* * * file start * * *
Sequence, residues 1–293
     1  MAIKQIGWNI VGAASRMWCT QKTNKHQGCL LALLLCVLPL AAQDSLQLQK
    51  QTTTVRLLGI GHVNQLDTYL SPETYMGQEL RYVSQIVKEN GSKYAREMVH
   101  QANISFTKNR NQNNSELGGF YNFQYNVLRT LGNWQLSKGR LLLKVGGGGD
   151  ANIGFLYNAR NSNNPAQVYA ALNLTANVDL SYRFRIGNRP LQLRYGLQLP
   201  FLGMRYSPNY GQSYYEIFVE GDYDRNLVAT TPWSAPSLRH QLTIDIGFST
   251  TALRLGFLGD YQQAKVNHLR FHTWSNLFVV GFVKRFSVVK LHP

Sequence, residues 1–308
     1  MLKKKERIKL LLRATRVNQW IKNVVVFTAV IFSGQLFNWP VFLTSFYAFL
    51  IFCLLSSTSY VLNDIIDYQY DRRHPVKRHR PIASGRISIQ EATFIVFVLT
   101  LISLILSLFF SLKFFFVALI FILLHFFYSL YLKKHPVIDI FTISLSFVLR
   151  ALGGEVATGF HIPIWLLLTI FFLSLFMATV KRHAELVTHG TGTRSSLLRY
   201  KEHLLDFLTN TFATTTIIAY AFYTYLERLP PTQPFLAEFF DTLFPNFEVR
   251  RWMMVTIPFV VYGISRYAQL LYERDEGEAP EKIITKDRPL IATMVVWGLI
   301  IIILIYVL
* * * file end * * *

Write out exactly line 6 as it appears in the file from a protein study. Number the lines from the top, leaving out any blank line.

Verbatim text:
   201  FLGMRYSPNY GQSYYEIFVE GDYDRNLVAT TPWSAPSLRH QLTIDIGFST